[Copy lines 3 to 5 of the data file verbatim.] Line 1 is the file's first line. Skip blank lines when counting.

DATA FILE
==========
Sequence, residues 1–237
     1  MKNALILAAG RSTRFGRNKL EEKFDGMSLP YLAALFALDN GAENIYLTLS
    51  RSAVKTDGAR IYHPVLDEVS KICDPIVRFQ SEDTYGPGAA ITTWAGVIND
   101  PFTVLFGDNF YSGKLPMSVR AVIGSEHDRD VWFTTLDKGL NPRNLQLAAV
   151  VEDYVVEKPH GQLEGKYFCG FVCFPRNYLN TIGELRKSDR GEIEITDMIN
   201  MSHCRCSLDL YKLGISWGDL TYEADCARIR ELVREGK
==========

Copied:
    51  RSAVKTDGAR IYHPVLDEVS KICDPIVRFQ SEDTYGPGAA ITTWAGVIND
   101  PFTVLFGDNF YSGKLPMSVR AVIGSEHDRD VWFTTLDKGL NPRNLQLAAV
   151  VEDYVVEKPH GQLEGKYFCG FVCFPRNYLN TIGELRKSDR GEIEITDMIN